Did you know:
That unbrushed pets develop matting because the dead undercoat does not fall out of the living coat?
Many unskilled owners have a tendancy to brush and comb only the outer coat, leaving the under coat subject to potential matting problems.

Did you know:
That you are not a bad pet owner if your pet has a few mats? Together we can find a solution! I will happily show you techniques to get the most out of brushing your golden's coat. Proper brushing also means less dead coat which in turn makes for a happier dog and subsequently, less tumbleweeds for you to pick up off the floor also makes for a happier owner.

Goldens are fairly easy dogs to maintain, but they need to be faithfully brushed for they are a double coated breed. This two layer coat naturally protects them in the water and from the elements but the downside to having such a coat however, is that it is prone to getting matted and tangled if not groomed on a regular basis. 

By brushing daily or weekly, your companion will not only have a beautiful coat equal to any show dog but you will also notice a significant reduction in the amount of hair you find throughout the house. Once the dead or loose hair is completely removed, a daily maintenance brushing will take less than 15 minutes. A slicker brush is recommended to start as the small curved pins help in aiding quick removal of hair.

NEVER SHAVE YOUR GOLDEN. As mentioned earlier, the Golden's coat is designed to protect them in any type of weather. The only areas of hair that require grooming are on and inside the ears, the tail and the feet (under pads and between toes). Many folks often request that the backside feathering (skirt/pants) be thinned out &/or shortened and while it is not normally part of a show cut, I realize having this area trimmed makes it more practical for owners to help keep their dogs clean and so I am happy to oblige. I apologize, but I will not shave a Golden so please don't ask.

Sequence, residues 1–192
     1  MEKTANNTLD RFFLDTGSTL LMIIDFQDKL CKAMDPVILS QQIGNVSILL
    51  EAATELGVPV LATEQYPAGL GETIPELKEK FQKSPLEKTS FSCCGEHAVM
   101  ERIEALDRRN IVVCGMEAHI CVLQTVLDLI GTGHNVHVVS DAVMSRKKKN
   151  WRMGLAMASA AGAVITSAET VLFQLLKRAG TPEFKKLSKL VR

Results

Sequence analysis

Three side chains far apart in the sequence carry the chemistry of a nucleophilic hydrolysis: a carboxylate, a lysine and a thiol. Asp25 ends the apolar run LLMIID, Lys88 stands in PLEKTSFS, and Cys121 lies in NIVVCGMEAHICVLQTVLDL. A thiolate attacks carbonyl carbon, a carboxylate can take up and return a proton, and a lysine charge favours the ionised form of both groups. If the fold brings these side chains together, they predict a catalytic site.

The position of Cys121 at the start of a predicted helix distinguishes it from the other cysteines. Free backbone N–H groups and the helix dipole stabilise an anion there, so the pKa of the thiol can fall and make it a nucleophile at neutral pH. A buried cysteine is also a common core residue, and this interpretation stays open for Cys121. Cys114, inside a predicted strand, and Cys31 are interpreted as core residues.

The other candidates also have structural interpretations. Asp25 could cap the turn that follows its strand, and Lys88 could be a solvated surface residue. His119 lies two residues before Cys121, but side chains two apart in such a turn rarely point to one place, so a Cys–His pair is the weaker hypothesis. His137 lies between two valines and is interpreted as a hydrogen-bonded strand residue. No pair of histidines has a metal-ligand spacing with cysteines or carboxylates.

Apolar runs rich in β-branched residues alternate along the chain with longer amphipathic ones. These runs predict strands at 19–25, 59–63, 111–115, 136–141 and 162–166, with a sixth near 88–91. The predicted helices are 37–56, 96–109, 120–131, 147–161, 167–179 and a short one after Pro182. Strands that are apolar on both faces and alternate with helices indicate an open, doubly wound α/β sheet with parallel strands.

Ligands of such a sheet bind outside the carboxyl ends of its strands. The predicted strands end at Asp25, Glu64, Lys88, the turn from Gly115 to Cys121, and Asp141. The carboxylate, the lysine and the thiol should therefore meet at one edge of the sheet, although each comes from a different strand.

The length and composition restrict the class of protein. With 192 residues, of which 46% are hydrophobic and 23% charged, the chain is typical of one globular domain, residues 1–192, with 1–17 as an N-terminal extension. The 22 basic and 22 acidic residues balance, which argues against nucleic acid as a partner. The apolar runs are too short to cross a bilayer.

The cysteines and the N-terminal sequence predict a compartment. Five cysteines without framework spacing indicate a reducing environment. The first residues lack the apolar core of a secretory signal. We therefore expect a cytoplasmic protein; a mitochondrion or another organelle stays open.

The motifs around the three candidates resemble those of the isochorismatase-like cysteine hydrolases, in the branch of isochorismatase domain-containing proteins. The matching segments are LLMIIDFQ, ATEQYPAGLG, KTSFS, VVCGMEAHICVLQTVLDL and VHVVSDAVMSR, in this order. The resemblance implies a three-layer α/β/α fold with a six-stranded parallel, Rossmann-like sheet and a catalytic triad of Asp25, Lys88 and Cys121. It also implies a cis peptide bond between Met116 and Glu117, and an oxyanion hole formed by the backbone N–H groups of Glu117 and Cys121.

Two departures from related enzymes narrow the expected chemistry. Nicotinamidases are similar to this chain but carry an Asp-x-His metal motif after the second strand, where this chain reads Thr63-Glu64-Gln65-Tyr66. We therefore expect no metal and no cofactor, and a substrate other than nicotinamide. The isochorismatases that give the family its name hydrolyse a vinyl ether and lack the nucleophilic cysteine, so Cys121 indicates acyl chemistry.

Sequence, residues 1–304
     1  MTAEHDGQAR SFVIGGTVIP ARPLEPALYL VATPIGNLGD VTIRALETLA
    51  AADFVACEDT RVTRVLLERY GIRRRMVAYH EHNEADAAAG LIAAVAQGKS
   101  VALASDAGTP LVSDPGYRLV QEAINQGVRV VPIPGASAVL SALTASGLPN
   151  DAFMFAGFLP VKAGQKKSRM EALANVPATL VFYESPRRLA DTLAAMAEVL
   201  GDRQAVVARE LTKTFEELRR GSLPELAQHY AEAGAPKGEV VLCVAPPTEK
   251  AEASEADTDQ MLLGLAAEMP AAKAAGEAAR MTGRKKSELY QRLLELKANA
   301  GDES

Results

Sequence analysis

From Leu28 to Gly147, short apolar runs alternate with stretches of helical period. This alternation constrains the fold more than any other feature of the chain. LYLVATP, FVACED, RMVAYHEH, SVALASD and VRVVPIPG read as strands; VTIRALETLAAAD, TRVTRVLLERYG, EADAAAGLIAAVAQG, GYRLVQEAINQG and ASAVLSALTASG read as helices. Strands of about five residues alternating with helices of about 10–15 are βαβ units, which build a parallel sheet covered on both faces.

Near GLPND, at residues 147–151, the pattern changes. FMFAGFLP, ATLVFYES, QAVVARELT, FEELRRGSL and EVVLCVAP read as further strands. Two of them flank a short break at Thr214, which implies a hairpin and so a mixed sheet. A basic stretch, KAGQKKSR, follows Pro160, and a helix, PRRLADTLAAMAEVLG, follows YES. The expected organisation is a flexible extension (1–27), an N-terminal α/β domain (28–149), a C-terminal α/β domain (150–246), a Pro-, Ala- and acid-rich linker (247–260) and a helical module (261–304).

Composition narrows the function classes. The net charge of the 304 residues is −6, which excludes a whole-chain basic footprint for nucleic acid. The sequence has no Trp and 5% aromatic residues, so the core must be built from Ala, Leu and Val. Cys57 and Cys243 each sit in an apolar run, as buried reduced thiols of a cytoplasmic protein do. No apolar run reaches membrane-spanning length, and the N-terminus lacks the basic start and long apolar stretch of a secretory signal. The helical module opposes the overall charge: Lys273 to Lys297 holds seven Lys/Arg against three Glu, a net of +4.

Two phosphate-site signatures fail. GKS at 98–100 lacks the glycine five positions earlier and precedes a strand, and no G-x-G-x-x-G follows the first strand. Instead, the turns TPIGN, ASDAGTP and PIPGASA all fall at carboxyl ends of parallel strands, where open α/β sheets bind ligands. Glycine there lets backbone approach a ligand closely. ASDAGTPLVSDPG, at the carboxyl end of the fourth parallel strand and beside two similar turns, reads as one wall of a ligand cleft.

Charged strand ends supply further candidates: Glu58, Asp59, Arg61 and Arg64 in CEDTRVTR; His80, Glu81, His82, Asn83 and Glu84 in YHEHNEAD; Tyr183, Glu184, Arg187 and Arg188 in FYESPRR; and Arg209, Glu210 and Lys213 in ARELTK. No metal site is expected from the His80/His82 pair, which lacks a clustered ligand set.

The Golden's nails should be clipped regularly. Long nails are uncomfortable for the dog and for anyone they might jump on. Long nails can also compromise the shape of your dog's foot, causing it to splay. Nails should be trimmed regularly.



DO's and DON'TS

- Make sure your dog is DRY when you drop your dog off for his/her grooming session.
- Bring your pet in on a regular basis.
- Have your pet's nails trimmed at least every 4-6 weeks.
- Communicate your wishes clearly to your groomer to avoid misunderstandings.
- Inform your groomer of any medical conditions your pet may have.
- Make sure your pet relieves himself prior to his grooming appointment.
- Listen to your groomer's suggestions about your pet & ask questions you mght have about maintenance. 
- Always make sure you let the groomer know of your dog’s behavior, especially if he has any particular issues.


- Bathe your pet between grooming appointments unless you are sure all the tangles are brushed out FIRST.
- Use human shampoo or detergents on your pet.
- Expect your groomer to always be able to cover up where mats had to be cut from the coat. 
- Forget to inform your groomer of any sensitive areas that your pet may have.
- Forget to brush AND comb your pet between professional grooming appointments.
- Bring in your dirty dog and expect your groomer to give him his hair cut without having a bath first.





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